The past few weeks have been anything but peaceful around the world. In the United States, the tragic killing of two African-American men provoked street manifestations around the nation. It is still too early to draw legal conclusions, but the old adage – a perception may not be correct but its consequences are true – once again proved itself.
These tragic demonstrations not only hurt local economies and reputations, but also ended in the murder of five Dallas police officers. In France, the world saw the ugly face of terrorism as a terrorist turned a truck into a weapon. The week ended with street demonstrations and a failed coup d’état in Turkey with hundreds of injuries.
Street demonstrations put both local citizens and visitors into anything from highly uncomfortable situations to outright dangerous situations. Those in the group tour business are beginning to ask questions:
•How do we protect our group if we find ourselves in the midst of a manifestation or uprising?
•What should group leaders do or not do?
•Should group leaders cancel or cut short trips due to potential street demonstrations, manifestations or uprisings?
First, a word of caution: This topic is highly complex and worthy of several full books; this article is not meant to be a full analysis of the topic, but rather to raise important questions. Therefore, it is strongly advised that before making any specific decision, the group organizer and/or leader speak with a tourism security specialist, qualified police office or other travel security expert. No one can guarantee total safety and security, however, and not even experts can predict the future with total certainty.
Given these caveats, here are a number of suggestions to aid the group professional in his or her decision-making.
Know your group’s demographics.
Although no two groups are the same, the level of potential risk rises as the group’s homogeneity decreases. Make sure you know whether group’s members speak the local language, what the age range is, and if some of the group’s members have special physical needs. The data will help the group leader to determine the level of risk when venturing onto the street.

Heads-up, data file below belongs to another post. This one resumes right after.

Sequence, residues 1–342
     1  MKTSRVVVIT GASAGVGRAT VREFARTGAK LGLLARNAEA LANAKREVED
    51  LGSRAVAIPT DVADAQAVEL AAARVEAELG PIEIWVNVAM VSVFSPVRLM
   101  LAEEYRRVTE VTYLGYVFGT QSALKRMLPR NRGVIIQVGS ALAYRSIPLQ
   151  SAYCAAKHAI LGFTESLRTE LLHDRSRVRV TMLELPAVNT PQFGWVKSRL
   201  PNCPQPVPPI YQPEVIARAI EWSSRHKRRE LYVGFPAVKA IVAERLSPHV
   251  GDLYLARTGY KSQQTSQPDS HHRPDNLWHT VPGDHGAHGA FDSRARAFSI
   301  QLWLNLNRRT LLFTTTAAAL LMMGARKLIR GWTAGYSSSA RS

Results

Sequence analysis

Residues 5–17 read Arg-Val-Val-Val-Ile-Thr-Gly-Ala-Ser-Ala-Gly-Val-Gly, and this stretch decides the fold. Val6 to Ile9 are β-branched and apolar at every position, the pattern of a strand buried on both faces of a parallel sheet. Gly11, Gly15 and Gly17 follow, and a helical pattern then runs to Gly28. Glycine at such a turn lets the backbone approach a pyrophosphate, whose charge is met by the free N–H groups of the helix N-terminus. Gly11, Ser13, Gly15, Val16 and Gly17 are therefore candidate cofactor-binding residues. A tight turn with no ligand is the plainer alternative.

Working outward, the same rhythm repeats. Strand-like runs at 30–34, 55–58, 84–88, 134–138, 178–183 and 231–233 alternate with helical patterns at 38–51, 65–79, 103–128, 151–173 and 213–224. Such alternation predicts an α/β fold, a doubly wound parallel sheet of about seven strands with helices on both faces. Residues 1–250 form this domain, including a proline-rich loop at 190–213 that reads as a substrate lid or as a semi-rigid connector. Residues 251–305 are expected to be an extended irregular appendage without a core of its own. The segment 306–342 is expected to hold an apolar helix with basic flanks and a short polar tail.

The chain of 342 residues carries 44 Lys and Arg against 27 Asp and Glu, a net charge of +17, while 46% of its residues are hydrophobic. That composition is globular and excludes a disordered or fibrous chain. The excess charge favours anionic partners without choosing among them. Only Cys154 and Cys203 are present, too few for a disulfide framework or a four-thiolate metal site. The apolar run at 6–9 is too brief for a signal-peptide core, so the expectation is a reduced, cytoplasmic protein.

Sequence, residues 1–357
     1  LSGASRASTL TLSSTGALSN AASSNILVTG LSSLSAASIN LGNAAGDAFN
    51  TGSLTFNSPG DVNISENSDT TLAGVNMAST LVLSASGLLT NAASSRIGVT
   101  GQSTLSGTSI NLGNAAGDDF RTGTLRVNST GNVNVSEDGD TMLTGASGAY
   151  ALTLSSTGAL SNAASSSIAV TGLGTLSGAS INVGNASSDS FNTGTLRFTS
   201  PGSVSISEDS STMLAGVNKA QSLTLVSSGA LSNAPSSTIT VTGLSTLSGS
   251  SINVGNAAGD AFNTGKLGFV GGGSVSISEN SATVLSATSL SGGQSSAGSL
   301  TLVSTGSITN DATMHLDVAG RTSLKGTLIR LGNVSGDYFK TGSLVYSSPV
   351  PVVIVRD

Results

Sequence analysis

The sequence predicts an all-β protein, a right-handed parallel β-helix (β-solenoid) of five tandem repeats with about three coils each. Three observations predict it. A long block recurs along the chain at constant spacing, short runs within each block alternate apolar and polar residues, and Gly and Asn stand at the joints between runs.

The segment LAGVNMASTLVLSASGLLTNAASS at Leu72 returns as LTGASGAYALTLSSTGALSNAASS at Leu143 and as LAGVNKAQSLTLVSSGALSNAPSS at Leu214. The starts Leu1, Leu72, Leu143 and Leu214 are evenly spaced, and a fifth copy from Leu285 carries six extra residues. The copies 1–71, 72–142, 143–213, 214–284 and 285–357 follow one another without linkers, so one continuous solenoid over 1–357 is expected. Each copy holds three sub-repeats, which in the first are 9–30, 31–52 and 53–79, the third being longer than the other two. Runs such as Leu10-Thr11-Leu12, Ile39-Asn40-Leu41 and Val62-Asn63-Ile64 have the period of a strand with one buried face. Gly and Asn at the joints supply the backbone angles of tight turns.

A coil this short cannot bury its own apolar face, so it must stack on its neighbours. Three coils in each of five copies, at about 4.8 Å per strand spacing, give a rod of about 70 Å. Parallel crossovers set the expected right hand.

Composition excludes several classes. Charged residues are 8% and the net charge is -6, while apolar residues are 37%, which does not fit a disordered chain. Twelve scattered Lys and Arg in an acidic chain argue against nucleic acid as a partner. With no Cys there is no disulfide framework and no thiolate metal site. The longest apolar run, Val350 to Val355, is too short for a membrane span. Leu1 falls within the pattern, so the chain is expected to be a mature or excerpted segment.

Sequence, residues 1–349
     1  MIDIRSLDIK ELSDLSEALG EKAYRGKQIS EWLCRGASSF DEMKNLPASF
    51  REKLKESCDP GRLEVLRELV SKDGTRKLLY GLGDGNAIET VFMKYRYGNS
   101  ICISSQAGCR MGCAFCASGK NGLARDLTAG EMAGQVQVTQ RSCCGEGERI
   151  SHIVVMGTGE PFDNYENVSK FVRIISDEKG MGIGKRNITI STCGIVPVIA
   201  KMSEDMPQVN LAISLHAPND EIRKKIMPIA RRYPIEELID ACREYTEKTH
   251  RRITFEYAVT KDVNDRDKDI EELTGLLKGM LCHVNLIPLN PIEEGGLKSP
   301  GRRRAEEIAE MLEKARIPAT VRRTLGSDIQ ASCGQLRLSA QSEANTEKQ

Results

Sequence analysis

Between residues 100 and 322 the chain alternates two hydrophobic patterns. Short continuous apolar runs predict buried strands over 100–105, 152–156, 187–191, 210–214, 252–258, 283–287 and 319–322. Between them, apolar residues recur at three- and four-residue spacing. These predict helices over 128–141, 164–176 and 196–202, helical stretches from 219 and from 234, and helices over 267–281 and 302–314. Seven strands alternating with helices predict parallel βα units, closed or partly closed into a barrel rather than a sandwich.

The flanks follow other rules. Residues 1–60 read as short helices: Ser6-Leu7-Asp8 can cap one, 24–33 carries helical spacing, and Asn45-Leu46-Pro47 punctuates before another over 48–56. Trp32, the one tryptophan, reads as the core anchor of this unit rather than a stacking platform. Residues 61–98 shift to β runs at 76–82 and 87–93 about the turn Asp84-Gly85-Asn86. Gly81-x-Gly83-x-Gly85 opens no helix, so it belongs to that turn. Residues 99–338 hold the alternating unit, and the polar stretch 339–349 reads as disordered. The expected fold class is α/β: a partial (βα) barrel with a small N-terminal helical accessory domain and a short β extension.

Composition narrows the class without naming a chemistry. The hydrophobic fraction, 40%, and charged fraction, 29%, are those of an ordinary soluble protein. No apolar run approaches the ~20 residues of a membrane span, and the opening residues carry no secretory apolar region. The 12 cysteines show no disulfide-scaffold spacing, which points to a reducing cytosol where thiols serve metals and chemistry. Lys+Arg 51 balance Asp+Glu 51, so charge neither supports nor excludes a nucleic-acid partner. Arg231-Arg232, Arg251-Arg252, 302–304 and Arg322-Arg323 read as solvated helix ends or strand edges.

Obtain the most up-to-date information possible.
Although it was impossible to predict a terrorist attack such as that which occurred in Nice, France, other manifestations are predictable. In the case of the anti-police demonstrations, at least 24 hours’ advanced notice was given. The absolute best protection is to avoid planned demonstrations. All demonstrations have the potential to be violent, no matter how much the demonstration’s leadership proclaims it will be peaceful.
Never travel without a clear buddy system.
Make sure that before leaving a hotel, everyone has the hotel’s address written down, along with the group leader’s cellphone number. Remind people that street manifestations not only may turn violent, but are also magnets for street criminals such as pickpockets. Thus, create a balance between what a group member can afford to lose and what the member needs for personal safety.
Wear identifying colors, but do not all dress the same.
If you are going to be close to a manifestation, be able to find your people—but do not make them targets. You do not want everyone dressed in a specific T-shirt, promotional shirt or blouse, but the group leader may decide to have the group’s members use a specific color or type of hat.
Have an emergency plan in place.
Group leaders should know where the closest medical station is located and have a credit card with enough money for a hospital visit should the need arise. Most foreign hospitals do not accept United States medical insurance, and want payment guaranteed with a credit card.
If in doubt, do not go.
That does not mean cancel the trip – but it does mean avoiding locations where street manifestations or violence may occur.